27/01/2006 The Special Procedures

Report of the Special Rapporteur on violence against women, Yakin Yakın Ertürk (2005)


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The present report contains the findings of the mission of the Special Rapporteur on violence against women, its causes and consequences, to the Islamic Republic of Iran, which took place from 29 January to 6 February 2005. It starts with a review of the recent history of the Islamic Republic of Iran, the governance structure, human rights obligations of the State and the status of women, then continues with an examination of the incidents of violence against women and the impact of discriminatory laws and judiciary procedures in hindering women’s access to justice. The report concludes with a reflection on the prospects for a comprehensive judicial reform and identification of key measures and initiatives needed to ensure the protection and promotion of the rights of women and the elimination of violence against women.

Violence against women in the Islamic Republic of Iran is ingrained in gender inequality, which is upheld and perpetuated by two interrelated factors: (a) patriarchal values and attitudes based on male supremacy, and (b) State-promoted institutional structures based on gender-biased, hard-line interpretations of religious principles. While the former is a universal and historically rooted phenomenon, the latter is specific to the gender politics in the contemporary Islamic Republic of Iran. Both factors represent male-empowering values, laws and practices, making it difficult for women to escape public and private violence.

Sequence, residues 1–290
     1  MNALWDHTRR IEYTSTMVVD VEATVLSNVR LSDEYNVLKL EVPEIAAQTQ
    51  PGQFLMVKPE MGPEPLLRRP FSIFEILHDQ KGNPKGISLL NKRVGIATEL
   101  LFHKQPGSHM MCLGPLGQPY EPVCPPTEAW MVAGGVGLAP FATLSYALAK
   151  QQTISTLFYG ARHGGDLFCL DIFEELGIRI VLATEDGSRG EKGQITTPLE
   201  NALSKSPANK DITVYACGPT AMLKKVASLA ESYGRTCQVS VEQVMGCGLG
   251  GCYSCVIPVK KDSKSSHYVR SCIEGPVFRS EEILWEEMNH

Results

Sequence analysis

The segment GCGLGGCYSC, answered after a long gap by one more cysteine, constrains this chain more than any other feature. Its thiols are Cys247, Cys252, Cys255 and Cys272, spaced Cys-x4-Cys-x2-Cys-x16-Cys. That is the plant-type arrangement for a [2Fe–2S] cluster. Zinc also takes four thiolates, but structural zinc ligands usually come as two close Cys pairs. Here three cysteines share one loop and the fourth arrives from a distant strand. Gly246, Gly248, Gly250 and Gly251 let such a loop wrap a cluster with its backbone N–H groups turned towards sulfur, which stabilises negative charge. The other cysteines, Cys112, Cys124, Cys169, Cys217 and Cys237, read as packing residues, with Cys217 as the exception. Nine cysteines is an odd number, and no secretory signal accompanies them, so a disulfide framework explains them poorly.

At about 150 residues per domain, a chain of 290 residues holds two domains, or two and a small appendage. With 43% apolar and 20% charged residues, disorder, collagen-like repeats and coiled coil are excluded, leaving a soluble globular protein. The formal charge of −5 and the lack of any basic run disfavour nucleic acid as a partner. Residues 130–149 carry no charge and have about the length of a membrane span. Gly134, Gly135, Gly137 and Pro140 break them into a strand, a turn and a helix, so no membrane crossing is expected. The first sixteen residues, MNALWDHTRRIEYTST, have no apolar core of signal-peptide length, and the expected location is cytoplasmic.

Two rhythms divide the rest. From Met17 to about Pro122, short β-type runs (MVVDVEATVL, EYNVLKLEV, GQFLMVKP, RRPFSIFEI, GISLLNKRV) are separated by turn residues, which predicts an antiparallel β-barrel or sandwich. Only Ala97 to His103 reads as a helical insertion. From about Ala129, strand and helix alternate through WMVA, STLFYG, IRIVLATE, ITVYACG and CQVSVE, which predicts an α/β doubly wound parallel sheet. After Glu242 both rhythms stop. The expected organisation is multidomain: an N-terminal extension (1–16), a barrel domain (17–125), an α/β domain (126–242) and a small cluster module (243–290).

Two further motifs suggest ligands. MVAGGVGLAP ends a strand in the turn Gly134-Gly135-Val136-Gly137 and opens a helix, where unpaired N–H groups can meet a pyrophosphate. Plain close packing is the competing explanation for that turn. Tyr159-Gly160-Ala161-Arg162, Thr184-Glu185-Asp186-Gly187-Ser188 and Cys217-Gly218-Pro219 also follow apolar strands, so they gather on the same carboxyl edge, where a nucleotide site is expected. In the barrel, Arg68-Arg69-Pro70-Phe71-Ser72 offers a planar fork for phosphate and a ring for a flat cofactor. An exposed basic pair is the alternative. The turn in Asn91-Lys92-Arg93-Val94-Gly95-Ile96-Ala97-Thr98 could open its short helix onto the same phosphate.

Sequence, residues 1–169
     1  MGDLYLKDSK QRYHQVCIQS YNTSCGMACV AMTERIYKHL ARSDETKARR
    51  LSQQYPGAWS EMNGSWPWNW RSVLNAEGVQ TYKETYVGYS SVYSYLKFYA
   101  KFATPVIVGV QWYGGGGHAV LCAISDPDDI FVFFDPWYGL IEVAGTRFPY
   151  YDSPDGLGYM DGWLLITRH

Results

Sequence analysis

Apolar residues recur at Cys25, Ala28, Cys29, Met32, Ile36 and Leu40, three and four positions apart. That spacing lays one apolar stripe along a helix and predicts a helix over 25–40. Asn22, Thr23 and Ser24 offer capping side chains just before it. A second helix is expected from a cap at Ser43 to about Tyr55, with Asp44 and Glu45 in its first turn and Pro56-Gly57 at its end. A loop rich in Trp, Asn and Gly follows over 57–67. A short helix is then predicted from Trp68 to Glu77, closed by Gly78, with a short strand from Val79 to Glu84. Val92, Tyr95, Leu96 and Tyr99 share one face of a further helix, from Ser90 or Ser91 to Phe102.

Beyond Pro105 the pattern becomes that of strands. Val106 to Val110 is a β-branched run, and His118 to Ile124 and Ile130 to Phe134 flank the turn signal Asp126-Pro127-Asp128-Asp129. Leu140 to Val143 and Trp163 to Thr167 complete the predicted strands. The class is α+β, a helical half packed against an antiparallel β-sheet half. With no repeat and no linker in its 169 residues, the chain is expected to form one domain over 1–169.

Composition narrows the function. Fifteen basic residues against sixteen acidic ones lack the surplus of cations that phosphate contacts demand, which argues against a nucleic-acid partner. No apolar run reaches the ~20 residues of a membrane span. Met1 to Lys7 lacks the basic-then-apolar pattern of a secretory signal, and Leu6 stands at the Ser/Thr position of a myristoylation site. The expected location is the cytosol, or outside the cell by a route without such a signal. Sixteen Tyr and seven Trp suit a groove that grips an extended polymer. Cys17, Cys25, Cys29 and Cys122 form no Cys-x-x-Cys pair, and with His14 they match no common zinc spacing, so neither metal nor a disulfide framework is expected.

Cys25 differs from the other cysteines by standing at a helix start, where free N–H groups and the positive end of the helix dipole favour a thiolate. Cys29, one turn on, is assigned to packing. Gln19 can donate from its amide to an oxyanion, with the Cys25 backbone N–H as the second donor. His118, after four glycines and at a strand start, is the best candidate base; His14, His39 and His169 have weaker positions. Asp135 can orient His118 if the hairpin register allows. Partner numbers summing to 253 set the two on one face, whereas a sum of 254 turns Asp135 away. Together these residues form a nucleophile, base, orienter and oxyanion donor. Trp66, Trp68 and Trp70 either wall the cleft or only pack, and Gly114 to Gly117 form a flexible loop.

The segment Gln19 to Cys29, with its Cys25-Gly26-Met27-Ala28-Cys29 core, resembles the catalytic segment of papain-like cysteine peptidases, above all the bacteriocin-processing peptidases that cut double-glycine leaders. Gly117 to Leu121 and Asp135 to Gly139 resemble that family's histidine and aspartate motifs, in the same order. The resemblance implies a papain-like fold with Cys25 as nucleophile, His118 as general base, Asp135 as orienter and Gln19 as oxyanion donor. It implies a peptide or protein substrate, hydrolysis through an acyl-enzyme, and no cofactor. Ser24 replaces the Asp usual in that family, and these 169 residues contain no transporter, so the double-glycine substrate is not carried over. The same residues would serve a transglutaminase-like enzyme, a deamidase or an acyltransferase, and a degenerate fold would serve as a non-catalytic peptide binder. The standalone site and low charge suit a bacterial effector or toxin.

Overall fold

In recent years, some positive steps have been taken to elevate women’s status and eliminate violence against women. Additionally, the principle of equality is contained in the Constitution and Iran is party to the principal international human rights instruments. However, there are worrisome gaps in guaranteeing gender equality. Discriminatory provisions in both the Civil and Penal Codes, and flaws in the administration of justice disempower women and aggravate their vulnerability. Furthermore, the domestic application of the standards in place falls short of ensuring that women enjoy de jure and de facto equality.

In view of the existing challenges, the Special Rapporteur recommends that the Government of the Islamic Republic of Iran take action under four broad categories: (a) adopt and observe international human rights standards; (b) enhance women’s access to justice through a transparent legal and judicial reform; (c) prioritize the elimination of violence against women as a public policy issue to prevent, investigate and punish all acts of violence against women, whether perpetrated by private individuals or State actors; and (d) promote and support the empowerment of women in all spheres of life.